BOSTON — Massachusetts’ first license for a Las Vegas-style casino could be awarded as soon as mid-June, following four straight days of meetings by state gambling regulators in Boston and Springfield.
The Massachusetts Gaming Commission laid out the anticipated timeline at its meeting Thursday. The commission will be in Springfield June 10 and 11; June 12 in Boston and June 13 in Springfield, where the commission aims to approve the award.
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The commission’s choices are limited: MGM Resorts International’s plan for an $800 million casino on nearly 15 acres straddling Springfield’s downtown and South End neighborhood is the lone project still in contention for the license, which is reserved for the state’s western region. But commission members have been reluctant to rule out the possibility of not issuing an award at this time.
Voters in Massachusetts’ third-largest city overwhelmingly approved the MGM project last July as competing plans fell by the wayside. City and business leaders see the project – easily the largest economic development project Springfield has seen in a generation – as a chance to revive the former industrial center, which has among the highest jobless rates in the state.
Commissioners said Thursday they want to give as much time as possible to weigh information provided by staff and the casino about the project, as well as discuss any conditions or stipulations they might want to include in issuing the award.
“Look, this is a major project for a major section of the city with major implications,” Commissioner James McHugh said. “We are taking this very seriously, even though there is only one applicant.”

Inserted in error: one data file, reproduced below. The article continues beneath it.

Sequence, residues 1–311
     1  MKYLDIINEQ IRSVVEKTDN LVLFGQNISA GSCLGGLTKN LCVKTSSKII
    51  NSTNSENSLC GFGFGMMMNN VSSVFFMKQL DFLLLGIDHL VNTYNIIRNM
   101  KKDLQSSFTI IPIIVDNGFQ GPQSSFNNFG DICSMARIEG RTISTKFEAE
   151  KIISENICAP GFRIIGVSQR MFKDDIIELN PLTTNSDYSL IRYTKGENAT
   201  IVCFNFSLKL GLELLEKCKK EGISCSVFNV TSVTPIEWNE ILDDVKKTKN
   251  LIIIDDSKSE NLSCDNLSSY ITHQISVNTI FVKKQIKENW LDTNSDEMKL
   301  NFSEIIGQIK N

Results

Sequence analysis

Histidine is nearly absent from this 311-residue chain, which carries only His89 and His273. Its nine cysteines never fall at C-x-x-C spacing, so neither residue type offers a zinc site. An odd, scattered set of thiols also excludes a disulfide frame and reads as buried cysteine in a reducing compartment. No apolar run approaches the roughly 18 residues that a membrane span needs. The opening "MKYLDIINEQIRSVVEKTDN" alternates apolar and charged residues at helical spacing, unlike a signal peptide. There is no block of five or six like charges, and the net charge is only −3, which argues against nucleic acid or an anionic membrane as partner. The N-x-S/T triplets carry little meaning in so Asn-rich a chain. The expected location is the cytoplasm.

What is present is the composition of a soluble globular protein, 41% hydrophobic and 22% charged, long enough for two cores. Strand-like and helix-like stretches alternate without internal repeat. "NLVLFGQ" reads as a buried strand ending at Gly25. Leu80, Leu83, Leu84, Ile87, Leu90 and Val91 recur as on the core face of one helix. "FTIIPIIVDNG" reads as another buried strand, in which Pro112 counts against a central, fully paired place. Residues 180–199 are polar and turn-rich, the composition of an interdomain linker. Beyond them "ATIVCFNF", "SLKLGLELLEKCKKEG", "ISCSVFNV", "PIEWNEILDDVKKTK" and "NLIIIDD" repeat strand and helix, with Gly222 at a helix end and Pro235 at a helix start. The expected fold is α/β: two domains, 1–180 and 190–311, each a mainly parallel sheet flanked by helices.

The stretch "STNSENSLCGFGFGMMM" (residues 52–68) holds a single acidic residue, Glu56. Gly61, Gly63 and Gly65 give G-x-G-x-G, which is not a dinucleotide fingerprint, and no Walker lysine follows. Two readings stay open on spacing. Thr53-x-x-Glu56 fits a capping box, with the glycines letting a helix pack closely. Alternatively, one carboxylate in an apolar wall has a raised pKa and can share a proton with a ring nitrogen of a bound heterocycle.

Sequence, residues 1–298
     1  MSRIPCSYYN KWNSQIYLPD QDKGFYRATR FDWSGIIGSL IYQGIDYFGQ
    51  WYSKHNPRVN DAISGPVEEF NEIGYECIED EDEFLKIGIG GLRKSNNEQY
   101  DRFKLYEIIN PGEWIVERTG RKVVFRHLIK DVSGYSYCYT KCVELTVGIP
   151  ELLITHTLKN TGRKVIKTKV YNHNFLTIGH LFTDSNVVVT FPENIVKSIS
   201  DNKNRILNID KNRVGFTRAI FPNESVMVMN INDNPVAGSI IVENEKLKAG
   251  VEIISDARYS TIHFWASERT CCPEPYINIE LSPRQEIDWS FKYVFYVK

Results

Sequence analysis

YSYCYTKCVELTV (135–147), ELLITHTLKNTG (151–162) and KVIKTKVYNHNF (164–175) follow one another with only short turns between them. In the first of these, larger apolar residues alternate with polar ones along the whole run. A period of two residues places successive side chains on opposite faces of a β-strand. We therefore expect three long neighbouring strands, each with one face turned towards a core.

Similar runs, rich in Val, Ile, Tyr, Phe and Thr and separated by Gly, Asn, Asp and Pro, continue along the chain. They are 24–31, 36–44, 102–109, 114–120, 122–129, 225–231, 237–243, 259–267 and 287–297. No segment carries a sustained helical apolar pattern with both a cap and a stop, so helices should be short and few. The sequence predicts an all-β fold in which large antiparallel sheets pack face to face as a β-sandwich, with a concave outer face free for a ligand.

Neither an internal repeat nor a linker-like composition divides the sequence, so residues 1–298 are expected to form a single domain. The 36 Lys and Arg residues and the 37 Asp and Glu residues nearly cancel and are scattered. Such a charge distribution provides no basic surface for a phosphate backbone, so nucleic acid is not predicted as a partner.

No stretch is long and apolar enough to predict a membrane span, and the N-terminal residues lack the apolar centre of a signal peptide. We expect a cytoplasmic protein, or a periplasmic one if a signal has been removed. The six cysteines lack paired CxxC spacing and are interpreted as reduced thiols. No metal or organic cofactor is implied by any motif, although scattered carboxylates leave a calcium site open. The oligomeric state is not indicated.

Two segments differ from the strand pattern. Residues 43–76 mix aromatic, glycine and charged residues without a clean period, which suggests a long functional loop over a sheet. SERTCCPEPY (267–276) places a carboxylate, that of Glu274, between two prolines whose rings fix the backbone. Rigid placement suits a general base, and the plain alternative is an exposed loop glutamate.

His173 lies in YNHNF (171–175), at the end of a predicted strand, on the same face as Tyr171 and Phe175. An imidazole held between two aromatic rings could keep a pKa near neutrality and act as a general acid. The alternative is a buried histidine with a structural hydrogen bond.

This final phase in the more than two-year long licensing process will involve public presentations by each of the five commissioners. Each has been tasked to examine a specific aspect of the casino application. Among those: the project’s finances and revenue projections, economic development potential, site design, and impacts to traffic and local services.
McHugh added that the commission could ask MGM officials to elaborate or clarify information discussed during the deliberations. No formal testimony would be taken from the public, however, because the commission held hearings on the proposal earlier this year in Springfield.
One open question is whether the commission accepts MGM’s request for a delay in the $85 million licensing fee that comes due if it is awarded the license. The Las Vegas-based casino giant is concerned about the potential for an outright repeal of the state’s casino law.
The state’s highest court is expected to rule by July on whether or not a voter referendum to repeal the state’s 2011 casino law should be allowed on the November ballot. That law authorized the commission to award at least three regional casino licenses – western, eastern and southeastern – and one slot parlor license, which has already been awarded to Penn National Gaming for a project at the Plainridge harness racing track in Plainville.